Blood Sugar: 5 New Ways to Keep the Sugar Spike in Check

Blood sugar spikes throughout the day, but if you want to keep it steady here are some tips. First, diet is important. “High glycemic” foods, or foods that cause a rapid spike in blood sugar after eating them, may ultimately cause an energy crash within a few hours of eating them by triggering an exaggerated insulin response.  The rush of insulin after eating results in blood sugar levels that can be even lower than before eating to begin with, leaving you feeling sluggish, tired…and hungry again. Food is not the only way to control blood sugar though, exercise is equally important.

1. Get a Good Night’s Sleep: Insulin resistance might have something to do with lack of sleep. New research reveals that even a single evening of inadequate sleep time can elicit insulin resistance in healthy individuals.  That’s right, just one night of sleep deprivation is enough to throw off your body’s blood sugar levels, and all the while Americans’ average number of hours slept continues to decrease.  Although the negative effects of chronic sleep deprivation on insulin resistance were previously documented, a team of Dutch researchers found that even one night without sufficient sleep has an impact on insulin levels. The data collected reveals “partial sleep restriction during only a single night reduces insulin sensitivity by 19 to 25 percent,” therefore emphasizing the importance of attaining at least seven hours of sleep every night.

2. Switch from White to Brown Rice: New research shows that substituting brown rice for white rice may lower risk of type 2 diabetes in both men and women. Brown rice contains a fiber and vitamin-rich outer skin – called the bran – that is stripped away when processing white rice. The result?  White rice is more quickly converted to sugar by our bodies and contributes to more dramatic spikes in blood sugar than an equivalent portion of brown rice.

3. Try Cross-Training: New research suggests that alternating between aerobic and resistance exercises may be the key to optimal diabetes management. Although both aerobic and resistance exercise provide health benefits separately, only the combination of the two resulted in a statistically significant reduction in blood sugar levels. Exercise is particularly helpful in achieving blood sugar control because the skeletal muscles (those which we use during exercise) consume and utilize the blood sugar. Diabetes is characterized by insulin resistance, which means that the sugar can’t get into the cell. Ultimately, regular exercise makes the muscles more sensitive to insulin. At the end of the study, those who did a combination of aerobic and resistance exercise demonstrated a 1 percent decrease in blood sugar levels, while those in the aerobic-only group and resistance-only group had no significant reductions.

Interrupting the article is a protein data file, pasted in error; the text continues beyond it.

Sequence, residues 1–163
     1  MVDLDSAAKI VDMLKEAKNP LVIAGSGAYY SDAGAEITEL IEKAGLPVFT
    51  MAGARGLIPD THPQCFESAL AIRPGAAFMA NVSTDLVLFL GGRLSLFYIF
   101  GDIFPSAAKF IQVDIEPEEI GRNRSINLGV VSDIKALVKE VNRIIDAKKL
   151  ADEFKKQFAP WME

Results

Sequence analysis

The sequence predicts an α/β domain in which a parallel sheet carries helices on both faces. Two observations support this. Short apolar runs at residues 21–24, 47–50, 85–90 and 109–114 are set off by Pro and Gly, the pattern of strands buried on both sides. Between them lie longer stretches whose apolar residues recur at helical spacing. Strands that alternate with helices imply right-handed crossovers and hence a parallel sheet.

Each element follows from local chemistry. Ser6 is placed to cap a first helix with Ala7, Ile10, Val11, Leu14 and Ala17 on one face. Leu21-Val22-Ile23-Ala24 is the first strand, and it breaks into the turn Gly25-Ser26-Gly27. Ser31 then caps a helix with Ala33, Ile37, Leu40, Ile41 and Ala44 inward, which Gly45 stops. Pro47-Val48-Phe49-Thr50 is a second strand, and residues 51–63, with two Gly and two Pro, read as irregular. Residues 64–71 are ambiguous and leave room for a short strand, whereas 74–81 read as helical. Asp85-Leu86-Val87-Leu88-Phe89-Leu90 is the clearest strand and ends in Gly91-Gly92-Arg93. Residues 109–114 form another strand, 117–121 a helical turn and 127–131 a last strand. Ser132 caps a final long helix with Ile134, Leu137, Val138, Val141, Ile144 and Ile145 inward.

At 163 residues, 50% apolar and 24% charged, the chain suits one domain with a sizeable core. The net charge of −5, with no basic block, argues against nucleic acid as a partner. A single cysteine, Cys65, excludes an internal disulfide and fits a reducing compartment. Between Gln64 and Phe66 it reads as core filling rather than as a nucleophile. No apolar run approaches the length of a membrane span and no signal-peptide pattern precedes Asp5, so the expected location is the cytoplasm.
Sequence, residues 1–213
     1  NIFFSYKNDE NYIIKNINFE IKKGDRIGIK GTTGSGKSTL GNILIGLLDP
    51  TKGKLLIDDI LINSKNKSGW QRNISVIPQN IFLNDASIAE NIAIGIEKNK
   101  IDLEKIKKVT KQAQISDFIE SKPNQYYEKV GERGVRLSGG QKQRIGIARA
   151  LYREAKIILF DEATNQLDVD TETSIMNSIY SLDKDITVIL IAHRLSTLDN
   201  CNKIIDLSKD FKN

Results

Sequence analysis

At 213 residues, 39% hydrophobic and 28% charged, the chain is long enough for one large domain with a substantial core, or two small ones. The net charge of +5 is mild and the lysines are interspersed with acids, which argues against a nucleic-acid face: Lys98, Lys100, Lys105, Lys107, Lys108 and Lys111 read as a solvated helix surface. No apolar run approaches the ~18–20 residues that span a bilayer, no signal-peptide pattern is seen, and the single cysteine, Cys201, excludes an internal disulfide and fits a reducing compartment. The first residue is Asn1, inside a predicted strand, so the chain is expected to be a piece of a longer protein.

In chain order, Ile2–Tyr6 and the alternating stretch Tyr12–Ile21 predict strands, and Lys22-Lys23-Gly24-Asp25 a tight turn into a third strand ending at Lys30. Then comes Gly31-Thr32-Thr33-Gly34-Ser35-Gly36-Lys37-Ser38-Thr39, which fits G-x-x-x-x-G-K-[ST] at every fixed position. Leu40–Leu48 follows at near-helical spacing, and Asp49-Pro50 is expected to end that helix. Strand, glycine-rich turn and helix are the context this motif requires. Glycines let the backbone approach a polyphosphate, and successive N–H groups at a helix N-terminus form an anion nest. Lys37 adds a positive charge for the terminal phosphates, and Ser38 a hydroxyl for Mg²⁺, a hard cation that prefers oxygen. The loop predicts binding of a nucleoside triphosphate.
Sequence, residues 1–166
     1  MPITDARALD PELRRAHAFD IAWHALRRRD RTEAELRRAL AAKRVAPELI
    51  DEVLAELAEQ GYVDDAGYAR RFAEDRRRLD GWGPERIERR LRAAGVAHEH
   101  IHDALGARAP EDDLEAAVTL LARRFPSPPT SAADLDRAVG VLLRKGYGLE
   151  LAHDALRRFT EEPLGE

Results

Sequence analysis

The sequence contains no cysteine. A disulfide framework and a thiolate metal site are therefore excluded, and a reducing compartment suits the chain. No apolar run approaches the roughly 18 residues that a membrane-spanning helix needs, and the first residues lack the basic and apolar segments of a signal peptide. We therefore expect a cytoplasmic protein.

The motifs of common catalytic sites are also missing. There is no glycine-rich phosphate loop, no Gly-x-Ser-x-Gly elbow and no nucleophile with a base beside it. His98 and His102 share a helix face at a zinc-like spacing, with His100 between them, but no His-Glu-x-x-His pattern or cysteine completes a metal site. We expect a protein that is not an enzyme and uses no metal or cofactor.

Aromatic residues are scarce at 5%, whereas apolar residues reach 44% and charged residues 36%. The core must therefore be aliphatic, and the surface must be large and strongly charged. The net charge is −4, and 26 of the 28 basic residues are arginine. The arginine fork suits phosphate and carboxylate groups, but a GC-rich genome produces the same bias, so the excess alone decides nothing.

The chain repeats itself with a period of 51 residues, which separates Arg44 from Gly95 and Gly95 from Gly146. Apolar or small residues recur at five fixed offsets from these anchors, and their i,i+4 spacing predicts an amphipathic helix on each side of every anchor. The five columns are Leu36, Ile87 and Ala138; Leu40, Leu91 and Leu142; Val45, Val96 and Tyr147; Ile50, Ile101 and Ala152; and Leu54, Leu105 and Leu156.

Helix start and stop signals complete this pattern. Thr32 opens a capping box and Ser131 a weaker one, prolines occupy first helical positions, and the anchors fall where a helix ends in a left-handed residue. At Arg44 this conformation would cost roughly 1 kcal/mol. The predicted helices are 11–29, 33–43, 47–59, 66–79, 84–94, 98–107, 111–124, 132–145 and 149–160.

4. Try Tai-Chi: Recent research has found incredible physical benefits from the ancient Chinese self-defense ritual, tai chi. Indeed, it may help diabetics control their blood sugar. Sometimes referred to as “meditation in motion,” tai chi has become known for increasing internal serenity through gentle movements that connect the mind and body. Tai chi is touted for reducing stress and improving a variety of health conditions. According to the study, tai chi exercises were proved to be beneficial on patients with diabetes and obesity, and were safe when supervised by professional trainers. Intricate monitoring of blood sugar, lipid profiles, blood pressure and general fitness showed that the tai chi exercises could in fact lower these parameters after three months.

5. Eat Complex Carbohydrates: Mixed meals that contain a balanced amount of complex carbohydrates (instead of simple sugars), protein, healthy fat and fiber are metabolized in such a way to promote gradual absorption–and a slower and more sustained rise in blood sugar levels.  As a result, you’ll feel fuller for longer, and benefit from a sustained feeling of physical energy and mental focus.

Finally, for more foods to eat, read this article Why Vinegar Never Tasted So Sweet to learn why you may want to add cinnamon, chromium and vinegar to your diet.

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  • “At the end of the study, those who did a combination of aerobic and resistance exercise demonstrated a 1 percent decrease in blood sugar levels, while those in the aerobic-only group and resistance-only group had no significant reductions.”

    1 percent is significant? If doing this type of exercise is done only to lower blood sugar levels, it’s just not worth the time and effort. Maybe it’s a misprint.

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